Project Maven Data Breach Alleged in Civil Suit

Cybersecurity

There has been a good deal of controversy, of late, surrounding Project Maven, the artificial intelligence project associated with drone warfare. Google recently announced they were withdrawing from the project. The rational was that project creep had occurred allowing Project Maven to even efficiently search captured hard drives.

Until last week, another company’s participation in the project had been rather low-key. That is until Wired reported on the claim from a former employee of Clarifai. The former employee announced in a civil matter that the company had been breached by Russian hackers and that information associated with Clarifai’s contract work with the Pentagon’s Project Maven had been compromised. The former employee, identified as Amy Liu, alleges that she was wrongfully terminated because she was too insistent within the company that the breach be reported to the Pentagon.

If true, Clarifia will find themselves in a kettle of hot water for failure to timely report the breach in accordance with current contractor mandates.  According to an excerpt from 32 CFR 236.4 –

When a contractor discovers a cyber incident that affects a covered contractor information system or the covered defense information residing therein or that affects the contractor’s ability to provide operationally critical support, the contractor shall:

(1) Conduct a review for evidence of compromise of covered defense information including, but not limited to, identifying compromised computers, servers, specific data, and user accounts. This review shall also include analyzing covered contractor information system(s) that were part of the cyber incident, as well as other information systems on the contractor’s network(s), that may have been accessed as a result of the incident in order to identify compromised covered defense information, or that affect the contractor’s ability to provide operationally critical support; and

(2) Rapidly report cyber incidents to DoD

But, according to Clarifia’s CEO, Matthew Zeiler, things may not be as they seem, or as has been reported. In a rather lengthy missive issued on June 13, Zeiler notes that the company intends to remain a part of Project Maven, as it aligns perfectly with company values and goals which are “to save the lives of soldiers and civilians alike.”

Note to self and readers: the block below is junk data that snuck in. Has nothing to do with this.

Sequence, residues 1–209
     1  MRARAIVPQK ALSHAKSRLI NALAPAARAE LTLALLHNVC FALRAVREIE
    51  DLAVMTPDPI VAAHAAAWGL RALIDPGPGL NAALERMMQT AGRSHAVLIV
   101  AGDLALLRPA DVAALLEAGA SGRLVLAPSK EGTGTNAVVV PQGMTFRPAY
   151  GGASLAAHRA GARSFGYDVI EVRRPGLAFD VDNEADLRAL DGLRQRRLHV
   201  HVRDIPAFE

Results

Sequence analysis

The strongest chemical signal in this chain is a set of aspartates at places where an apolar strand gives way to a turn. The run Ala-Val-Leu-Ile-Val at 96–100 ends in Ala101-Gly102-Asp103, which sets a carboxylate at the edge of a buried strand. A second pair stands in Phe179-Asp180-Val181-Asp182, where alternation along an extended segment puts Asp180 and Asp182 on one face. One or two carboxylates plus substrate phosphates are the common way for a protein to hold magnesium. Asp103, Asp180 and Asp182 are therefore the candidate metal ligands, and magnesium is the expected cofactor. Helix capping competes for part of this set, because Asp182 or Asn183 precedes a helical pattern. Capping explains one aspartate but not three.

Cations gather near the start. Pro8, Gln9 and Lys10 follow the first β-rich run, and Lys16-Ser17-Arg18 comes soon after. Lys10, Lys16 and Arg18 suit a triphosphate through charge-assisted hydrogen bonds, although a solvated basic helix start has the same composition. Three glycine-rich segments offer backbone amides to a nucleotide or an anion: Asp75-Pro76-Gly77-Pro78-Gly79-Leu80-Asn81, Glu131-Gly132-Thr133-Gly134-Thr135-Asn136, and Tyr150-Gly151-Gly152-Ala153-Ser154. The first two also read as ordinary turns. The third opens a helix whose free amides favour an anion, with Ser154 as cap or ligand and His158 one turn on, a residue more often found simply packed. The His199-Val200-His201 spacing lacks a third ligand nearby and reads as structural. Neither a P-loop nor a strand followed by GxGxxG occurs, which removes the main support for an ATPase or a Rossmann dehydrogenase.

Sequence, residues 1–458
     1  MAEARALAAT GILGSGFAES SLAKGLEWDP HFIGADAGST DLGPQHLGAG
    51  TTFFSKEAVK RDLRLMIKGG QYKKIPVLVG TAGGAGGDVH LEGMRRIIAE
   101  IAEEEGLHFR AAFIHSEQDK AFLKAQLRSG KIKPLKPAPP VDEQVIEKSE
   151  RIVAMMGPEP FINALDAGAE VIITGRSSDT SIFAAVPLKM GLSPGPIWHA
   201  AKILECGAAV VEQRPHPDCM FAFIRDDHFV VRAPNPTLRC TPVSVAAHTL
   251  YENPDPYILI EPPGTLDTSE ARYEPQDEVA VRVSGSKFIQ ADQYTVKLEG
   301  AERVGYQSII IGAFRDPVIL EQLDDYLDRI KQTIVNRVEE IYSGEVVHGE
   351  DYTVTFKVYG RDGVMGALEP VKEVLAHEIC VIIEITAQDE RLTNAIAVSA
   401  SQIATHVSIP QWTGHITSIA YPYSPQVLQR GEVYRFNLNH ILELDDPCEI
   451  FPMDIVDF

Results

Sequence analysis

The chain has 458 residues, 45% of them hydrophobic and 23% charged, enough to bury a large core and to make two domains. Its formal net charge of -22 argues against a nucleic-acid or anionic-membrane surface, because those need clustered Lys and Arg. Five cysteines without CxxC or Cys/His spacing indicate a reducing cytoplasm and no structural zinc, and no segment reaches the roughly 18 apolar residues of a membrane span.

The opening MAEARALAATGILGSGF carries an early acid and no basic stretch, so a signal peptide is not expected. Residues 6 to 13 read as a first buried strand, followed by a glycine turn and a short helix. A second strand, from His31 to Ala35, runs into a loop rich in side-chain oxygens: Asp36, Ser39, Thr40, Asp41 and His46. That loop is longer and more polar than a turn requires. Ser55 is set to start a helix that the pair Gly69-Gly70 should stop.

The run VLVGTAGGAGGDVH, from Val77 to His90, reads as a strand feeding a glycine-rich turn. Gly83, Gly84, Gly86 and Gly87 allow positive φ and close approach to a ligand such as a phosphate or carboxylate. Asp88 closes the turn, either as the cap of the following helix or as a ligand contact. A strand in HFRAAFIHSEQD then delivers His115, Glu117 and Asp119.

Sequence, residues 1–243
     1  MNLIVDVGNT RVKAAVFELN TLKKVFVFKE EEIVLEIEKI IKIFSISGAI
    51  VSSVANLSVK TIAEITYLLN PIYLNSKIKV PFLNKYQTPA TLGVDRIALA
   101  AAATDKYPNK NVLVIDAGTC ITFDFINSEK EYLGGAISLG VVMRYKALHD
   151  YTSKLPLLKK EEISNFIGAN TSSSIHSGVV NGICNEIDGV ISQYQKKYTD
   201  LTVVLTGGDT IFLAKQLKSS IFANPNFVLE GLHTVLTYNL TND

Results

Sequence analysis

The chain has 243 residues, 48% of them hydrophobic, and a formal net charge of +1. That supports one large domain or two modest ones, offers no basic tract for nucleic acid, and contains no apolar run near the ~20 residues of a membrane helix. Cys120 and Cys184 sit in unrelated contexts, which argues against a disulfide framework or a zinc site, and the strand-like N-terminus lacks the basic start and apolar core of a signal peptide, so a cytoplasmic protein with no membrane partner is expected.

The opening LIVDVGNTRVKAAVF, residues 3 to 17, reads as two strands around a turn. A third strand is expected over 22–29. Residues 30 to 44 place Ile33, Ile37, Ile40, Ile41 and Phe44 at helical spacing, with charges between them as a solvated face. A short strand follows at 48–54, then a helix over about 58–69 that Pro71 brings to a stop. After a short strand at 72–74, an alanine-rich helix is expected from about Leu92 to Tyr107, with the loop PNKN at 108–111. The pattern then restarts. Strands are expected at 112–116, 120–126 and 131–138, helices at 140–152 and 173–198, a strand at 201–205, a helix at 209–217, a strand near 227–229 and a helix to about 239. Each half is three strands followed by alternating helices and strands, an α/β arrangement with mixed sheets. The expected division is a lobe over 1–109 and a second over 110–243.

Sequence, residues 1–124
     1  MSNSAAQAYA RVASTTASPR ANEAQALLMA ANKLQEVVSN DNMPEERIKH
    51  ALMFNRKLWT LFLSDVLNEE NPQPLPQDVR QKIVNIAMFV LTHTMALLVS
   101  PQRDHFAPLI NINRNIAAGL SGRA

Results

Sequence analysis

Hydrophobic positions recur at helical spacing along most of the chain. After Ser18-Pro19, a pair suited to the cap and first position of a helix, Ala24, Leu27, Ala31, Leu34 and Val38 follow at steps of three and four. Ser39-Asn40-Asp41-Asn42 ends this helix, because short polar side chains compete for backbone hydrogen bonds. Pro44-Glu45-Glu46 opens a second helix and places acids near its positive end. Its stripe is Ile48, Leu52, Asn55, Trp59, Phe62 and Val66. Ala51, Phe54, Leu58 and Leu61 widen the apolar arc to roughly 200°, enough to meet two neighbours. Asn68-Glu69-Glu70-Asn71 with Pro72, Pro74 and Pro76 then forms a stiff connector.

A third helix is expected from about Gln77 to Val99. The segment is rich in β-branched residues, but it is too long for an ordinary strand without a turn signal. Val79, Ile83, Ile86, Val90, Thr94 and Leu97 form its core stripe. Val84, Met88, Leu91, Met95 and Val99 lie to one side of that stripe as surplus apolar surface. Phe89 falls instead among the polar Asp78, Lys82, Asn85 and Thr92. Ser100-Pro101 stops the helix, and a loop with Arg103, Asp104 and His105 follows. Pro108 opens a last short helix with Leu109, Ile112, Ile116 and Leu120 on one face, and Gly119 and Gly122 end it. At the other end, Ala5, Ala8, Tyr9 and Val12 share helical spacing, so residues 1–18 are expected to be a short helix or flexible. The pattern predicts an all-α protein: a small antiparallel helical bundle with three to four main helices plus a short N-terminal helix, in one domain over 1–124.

Zeiler continues his denial that the company suffered a breach at the hands of the Russians, as has been widely reported.  Zeiler tells us:

… we did not have a security incident putting government or other customer information at risk. Last fall, an untargeted bot was identified on an isolated research server located in a Clarifai datacenter. We quickly contained the situation and, with the services of an independent security firm, determined the bot did not access any data, algorithms or code.

… we were forthcoming with our customers about the incident. We voluntarily notified customers following a full assessment, including an external audit and report by a security firm. We notified the relevant team at the Department of Defense. Our customers and their information are our absolute top commitment, and it is a commitment we take very seriously. That is why we informed customers. We stand ready to address any remaining questions or concerns they may have

And there you have it.

Was there an event or a not?

The Pentagon will be making that decision, no doubt, in concert with Clarifia.  For now, all may not be as it appears in a civil wrongful termination lawsuit.  If something along these lines happens to you or your company, report the matter immediately to the contracting office at the Pentagon. There may be a bit of finger pointing when media learns of the breach, but as detailed in the recent incident; “China Steals U.S. Submarine Information”  reporting a breach or suspected breach is always the right course of action.

Christopher Burgess (@burgessct) is an author and speaker on the topic of security strategy. Christopher, served 30+ years within the Central Intelligence Agency. He lived and worked in South Asia, Southeast Asia, the Middle East, Central Europe, and Latin America. Upon his retirement, the CIA awarded him the Career Distinguished Intelligence Medal, the highest level of career recognition. Christopher co-authored the book, “Secrets Stolen, Fortunes Lost, Preventing Intellectual Property Theft and Economic Espionage in the 21st Century” (Syngress, March 2008).

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